- Last Updated on Wednesday, 11 May 2011 00:00
- Published on Wednesday, 11 May 2011 00:00
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A lady in Urbanna acquired this brass mortar and pestle many years ago. It weighs 25 pounds, and is unmarked as to maker or origin. It is six inches high, and the pestle is eight inches long. She wonders if it could be English.
The age of the mortar and pestle appears to be about 250 years, that is from the mid-seventeen hundreds. The level of wear attests to its having been used heavily, perhaps commercially in an apothecary shop, or on a farm where herbs were crushed for home use.
- Last Updated on Wednesday, 04 May 2011 00:00
- Published on Wednesday, 04 May 2011 00:00
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An antique collector from Middlesex County recently acquired this pair of American Empire side chairs and the Chippendale walnut one-drawer stand. The wood of each is walnut, and he thinks the finish is original. The secondary wood of the table is pine. The chairs are upholstered in needlepoint, which is a twentieth-century addition. They are sturdy, and can be used without weakening their structure.
First, as far as the chairs go, they indeed appear to be from the 1830s or 1840s. The vase splat has good proportion, and the saber legs and
- Last Updated on Wednesday, 27 April 2011 00:00
- Published on Wednesday, 27 April 2011 00:00
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This parlor chair comes from one of the earliest families in the Northern Neck. It has a mahogany frame, but as the owner had it recovered a few years ago, we cannot determine what the secondary wood is. The casters are brass, and the chair is quite sturdy.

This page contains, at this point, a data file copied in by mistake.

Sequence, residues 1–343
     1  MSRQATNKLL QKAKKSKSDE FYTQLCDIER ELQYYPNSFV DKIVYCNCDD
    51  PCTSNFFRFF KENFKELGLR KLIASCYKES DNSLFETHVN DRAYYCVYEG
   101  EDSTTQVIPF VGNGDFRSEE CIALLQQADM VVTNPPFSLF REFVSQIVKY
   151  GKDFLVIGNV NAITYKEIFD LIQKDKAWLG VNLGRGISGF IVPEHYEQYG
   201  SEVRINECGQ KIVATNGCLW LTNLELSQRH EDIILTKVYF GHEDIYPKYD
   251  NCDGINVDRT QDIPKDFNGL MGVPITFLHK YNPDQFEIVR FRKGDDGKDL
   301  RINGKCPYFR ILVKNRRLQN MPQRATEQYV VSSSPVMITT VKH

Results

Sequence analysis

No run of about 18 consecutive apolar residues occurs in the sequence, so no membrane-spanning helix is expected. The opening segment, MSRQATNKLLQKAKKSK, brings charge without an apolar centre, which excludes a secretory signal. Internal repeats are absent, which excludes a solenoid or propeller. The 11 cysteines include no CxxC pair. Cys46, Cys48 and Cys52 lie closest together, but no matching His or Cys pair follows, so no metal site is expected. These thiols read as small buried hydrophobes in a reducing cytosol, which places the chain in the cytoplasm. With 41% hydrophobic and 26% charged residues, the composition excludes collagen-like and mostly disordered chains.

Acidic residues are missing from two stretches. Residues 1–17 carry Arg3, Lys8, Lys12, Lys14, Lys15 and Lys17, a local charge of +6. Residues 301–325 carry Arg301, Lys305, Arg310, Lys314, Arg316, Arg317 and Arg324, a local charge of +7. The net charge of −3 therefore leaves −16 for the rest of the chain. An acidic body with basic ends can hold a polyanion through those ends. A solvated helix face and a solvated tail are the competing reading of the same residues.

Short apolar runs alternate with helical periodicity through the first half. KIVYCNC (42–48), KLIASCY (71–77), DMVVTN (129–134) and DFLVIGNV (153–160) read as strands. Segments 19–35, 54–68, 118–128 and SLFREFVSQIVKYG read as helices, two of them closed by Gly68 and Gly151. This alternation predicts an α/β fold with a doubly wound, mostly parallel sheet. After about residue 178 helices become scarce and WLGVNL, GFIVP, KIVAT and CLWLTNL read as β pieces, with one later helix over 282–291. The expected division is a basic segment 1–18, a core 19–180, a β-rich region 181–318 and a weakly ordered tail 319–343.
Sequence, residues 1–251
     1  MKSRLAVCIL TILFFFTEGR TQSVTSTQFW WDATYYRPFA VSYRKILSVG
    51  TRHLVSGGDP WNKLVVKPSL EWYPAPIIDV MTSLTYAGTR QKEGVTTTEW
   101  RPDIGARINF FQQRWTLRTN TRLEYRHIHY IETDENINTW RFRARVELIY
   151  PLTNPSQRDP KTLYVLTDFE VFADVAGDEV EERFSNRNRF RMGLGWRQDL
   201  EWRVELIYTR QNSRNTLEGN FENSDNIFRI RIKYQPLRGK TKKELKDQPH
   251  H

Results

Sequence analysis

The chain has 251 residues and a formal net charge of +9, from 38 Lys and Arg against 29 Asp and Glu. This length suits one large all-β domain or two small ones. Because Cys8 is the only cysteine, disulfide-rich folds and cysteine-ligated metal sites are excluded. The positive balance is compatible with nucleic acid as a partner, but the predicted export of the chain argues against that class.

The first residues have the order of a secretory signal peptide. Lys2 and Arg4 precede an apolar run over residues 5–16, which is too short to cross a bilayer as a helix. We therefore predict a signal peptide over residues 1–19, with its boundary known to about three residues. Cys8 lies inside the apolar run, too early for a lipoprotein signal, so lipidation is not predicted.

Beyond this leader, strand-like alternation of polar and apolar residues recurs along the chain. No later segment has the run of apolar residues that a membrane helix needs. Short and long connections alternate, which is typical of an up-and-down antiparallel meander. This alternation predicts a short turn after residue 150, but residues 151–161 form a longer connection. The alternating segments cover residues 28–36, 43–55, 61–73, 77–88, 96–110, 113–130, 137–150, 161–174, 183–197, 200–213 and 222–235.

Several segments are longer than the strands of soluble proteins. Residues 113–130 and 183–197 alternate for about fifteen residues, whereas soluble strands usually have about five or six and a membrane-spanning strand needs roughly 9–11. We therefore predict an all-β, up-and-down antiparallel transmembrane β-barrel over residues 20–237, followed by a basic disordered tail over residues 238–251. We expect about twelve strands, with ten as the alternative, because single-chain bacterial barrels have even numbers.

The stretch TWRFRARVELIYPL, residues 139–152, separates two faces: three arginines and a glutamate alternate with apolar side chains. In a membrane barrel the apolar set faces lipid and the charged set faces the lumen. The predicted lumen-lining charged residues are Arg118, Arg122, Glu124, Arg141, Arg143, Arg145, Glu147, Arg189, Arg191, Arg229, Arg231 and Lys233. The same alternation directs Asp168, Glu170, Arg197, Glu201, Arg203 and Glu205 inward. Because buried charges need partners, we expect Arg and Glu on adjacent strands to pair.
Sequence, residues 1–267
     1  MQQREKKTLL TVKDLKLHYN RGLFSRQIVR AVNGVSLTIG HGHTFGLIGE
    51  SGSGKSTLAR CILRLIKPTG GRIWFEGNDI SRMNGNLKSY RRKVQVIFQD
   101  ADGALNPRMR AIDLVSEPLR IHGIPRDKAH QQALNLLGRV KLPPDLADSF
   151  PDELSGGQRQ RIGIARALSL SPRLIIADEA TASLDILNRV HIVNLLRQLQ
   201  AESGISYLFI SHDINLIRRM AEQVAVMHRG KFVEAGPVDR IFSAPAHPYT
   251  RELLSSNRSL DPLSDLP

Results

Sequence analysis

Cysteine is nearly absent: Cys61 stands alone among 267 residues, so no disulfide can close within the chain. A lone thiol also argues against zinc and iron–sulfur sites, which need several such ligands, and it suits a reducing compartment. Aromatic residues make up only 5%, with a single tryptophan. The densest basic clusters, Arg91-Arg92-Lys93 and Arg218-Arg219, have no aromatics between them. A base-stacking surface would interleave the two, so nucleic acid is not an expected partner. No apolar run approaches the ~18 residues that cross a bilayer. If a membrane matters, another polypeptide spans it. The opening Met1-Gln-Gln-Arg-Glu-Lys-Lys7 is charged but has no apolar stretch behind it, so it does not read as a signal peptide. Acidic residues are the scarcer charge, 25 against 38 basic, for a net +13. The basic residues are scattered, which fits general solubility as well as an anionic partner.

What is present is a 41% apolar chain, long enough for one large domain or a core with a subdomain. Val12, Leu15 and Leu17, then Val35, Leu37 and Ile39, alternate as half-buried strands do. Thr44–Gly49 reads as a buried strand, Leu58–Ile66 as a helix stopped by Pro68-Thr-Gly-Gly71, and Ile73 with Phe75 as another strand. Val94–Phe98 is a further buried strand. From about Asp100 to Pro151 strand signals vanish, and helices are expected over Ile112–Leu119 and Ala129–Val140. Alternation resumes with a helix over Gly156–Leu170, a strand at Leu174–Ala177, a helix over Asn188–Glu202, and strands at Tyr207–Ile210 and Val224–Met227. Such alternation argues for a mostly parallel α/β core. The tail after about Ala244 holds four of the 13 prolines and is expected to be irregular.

This chair is transitional between the Empire and Victorian Periods, and dates from 1850. Fortunately, the recovering retained the original pattern of the tufting in the back. Undoubtedly, it was part of a parlor suite consisting of a sofa, gentleman's chair, lady's chair, at least two of these straight chairs, and
- Last Updated on Wednesday, 20 April 2011 00:00
- Published on Wednesday, 20 April 2011 00:00
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This pair of Depression-era candlesticks comes from a family in the lower Northern Neck that has owned them since they were new. They are pale blue in color and in perfect condition. They are seven inches high, and have light wear on the bottoms.
Indeed these candlesticks date from the time of the Great Depression of the late 1920s and through the 1930s. They probably came to the Northern Neck by steamboat from Baltimore, the normal route for all
- Last Updated on Wednesday, 13 April 2011 00:00
- Published on Wednesday, 13 April 2011 00:00
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A while back a gentleman asked me about this pair of inkwells depicting a turbaned Turkish couple in what an English potter thought might be a typical pose. At the time he thought they were Staffordshire, as had his parents, who had purchased them over 50 years ago. They are four inches high, and although multi-colored, the cobalt blue robes dominate the